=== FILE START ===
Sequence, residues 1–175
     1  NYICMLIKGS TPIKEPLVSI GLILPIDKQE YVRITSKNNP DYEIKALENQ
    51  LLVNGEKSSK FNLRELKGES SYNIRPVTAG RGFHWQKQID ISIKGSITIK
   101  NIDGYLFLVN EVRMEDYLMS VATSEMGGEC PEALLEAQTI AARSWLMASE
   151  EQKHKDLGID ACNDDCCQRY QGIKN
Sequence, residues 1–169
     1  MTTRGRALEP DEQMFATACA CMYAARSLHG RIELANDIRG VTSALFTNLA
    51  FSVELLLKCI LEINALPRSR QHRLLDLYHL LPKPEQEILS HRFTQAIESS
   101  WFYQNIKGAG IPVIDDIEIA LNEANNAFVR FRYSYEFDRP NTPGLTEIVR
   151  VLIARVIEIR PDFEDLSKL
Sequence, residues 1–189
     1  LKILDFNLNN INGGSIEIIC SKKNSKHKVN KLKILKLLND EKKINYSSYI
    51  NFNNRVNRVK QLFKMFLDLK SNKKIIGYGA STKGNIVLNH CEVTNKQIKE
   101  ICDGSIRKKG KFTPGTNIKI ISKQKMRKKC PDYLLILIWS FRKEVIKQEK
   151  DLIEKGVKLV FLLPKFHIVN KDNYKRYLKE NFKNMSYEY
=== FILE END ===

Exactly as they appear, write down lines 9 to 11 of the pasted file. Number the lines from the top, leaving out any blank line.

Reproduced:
   101  WFYQNIKGAG IPVIDDIEIA LNEANNAFVR FRYSYEFDRP NTPGLTEIVR
   151  VLIARVIEIR PDFEDLSKL
Sequence, residues 1–189